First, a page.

Flatbed Division

Topic 13397 | Page 1

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Cory D.'s Comment
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So I just recently left KLLM and wanted to pursue something I felt like I could be happy with, after 2 weeks of training with a reefer I just couldn't do it, I looked up Maverick and called them and they told me they have a regional position open for flatbed where I can be home on most weekends and out during the week in the midwest.

I always wanted to haul either a flatbed or or tanker, I wanted to ask fellow truckers what is it like, do you also alley dock in one of them.

Regional:

Regional Route

Usually refers to a driver hauling freight within one particular region of the country. You might be in the "Southeast Regional Division" or "Midwest Regional". Regional route drivers often get home on the weekends which is one of the main appeals for this type of route.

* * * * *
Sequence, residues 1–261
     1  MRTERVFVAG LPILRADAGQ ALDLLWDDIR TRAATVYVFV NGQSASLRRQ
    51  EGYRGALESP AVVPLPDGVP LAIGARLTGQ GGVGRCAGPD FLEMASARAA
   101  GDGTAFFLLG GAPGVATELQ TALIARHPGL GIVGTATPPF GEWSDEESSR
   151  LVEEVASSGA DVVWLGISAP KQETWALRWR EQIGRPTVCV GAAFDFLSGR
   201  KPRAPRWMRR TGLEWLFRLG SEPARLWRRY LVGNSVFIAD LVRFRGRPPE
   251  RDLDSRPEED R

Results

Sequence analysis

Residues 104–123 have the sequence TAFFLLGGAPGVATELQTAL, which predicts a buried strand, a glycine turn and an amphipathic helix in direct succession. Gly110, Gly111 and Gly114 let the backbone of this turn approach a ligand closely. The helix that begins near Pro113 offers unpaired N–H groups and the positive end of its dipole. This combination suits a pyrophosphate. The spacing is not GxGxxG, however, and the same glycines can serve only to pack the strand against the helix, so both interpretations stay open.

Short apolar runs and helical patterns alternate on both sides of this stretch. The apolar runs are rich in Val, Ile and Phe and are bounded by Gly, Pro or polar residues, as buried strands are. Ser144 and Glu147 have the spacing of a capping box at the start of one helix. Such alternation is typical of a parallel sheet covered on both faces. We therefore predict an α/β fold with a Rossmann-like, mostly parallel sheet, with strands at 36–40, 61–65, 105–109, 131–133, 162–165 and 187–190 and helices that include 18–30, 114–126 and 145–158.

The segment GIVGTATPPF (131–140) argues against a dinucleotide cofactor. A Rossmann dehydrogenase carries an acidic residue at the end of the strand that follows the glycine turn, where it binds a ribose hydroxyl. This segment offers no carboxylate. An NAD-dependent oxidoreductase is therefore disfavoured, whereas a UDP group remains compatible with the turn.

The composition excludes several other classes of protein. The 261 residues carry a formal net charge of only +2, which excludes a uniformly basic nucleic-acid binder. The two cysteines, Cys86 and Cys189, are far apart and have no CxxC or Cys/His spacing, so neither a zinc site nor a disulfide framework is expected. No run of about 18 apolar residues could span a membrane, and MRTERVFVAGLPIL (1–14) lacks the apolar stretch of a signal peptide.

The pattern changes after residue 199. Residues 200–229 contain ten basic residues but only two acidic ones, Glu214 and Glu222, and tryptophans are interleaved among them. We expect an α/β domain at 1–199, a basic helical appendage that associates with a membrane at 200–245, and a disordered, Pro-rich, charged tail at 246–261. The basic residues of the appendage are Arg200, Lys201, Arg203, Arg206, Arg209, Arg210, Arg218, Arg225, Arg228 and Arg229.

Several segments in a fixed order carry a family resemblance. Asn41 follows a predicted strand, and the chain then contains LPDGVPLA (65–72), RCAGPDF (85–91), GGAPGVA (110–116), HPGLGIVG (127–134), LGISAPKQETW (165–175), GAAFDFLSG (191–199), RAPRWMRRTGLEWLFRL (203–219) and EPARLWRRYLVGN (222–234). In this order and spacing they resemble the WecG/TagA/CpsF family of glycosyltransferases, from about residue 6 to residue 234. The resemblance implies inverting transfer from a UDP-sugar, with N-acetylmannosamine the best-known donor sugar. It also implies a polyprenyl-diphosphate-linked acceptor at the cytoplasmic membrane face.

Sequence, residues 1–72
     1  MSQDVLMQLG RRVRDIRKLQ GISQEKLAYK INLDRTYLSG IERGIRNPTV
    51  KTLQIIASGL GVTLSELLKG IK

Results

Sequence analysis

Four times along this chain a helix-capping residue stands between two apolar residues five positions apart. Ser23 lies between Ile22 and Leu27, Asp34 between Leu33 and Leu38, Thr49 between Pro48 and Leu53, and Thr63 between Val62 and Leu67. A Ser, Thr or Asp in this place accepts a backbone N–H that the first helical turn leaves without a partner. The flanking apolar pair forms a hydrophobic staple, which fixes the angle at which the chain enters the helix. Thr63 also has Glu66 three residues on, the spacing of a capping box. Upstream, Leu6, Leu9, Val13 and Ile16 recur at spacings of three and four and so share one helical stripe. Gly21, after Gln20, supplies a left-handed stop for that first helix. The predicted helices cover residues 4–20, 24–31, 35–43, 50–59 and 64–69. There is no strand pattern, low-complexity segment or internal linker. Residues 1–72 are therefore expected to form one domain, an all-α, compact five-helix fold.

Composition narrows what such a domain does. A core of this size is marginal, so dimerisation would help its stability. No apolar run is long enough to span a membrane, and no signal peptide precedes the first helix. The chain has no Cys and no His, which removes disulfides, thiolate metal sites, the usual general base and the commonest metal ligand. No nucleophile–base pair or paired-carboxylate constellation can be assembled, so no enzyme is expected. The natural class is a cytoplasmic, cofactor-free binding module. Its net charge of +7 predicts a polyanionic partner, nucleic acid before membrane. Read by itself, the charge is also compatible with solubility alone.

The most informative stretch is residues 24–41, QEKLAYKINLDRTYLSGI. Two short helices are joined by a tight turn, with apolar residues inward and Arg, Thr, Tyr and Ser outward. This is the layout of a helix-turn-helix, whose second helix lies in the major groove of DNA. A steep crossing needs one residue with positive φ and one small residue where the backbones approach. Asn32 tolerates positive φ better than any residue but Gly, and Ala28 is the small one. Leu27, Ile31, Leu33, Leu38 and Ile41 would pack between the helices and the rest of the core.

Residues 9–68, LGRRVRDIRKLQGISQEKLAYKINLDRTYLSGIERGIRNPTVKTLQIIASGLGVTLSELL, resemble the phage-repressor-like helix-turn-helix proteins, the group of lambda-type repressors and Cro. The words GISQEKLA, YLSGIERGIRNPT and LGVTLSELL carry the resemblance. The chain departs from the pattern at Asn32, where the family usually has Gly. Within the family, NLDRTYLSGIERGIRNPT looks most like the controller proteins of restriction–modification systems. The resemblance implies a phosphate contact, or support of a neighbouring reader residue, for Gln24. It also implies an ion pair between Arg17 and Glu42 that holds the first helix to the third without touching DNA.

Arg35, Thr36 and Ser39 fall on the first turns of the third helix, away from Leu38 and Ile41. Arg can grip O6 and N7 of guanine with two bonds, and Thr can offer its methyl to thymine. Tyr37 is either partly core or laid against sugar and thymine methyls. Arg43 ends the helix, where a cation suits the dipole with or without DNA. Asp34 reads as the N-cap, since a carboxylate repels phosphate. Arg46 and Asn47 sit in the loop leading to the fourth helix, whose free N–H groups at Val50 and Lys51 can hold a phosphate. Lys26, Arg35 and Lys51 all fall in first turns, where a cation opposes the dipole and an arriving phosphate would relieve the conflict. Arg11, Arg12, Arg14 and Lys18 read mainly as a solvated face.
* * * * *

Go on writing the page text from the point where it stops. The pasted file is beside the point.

Reefer:

A refrigerated trailer.

Cory D.'s Comment
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Anyone with knowledge on flatbeds?

Errol V.'s Comment
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Anyone with knowledge on flatbeds?

There's a few skateboard driver regulars here. They'll be around. Patience.

Fire-Man's Comment
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It's hot and dirty in the summer, cold and wet in the winter and always windy when tarping or untarping. You go through clothes and gloves like there is no tomorrow and are either freezing or sweating your @$$ off while while securing/un securing your load. If none of that dissuades you just remember then you have to drive. shocked.png

Why anyone would pull a box or tank I don't know. Open deck, whether flat, step, RGN, etc., is where it's at. dancing-banana.gif

Jacob R. (gear jammer)'s Comment
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Im headed to flatbed division I need some excitement nothing like blood sweat and tears to make you feel like you accomplished something! my uncle fair warned me but im young i gotta learn the hard way any helpful advice?

Bud A.'s Comment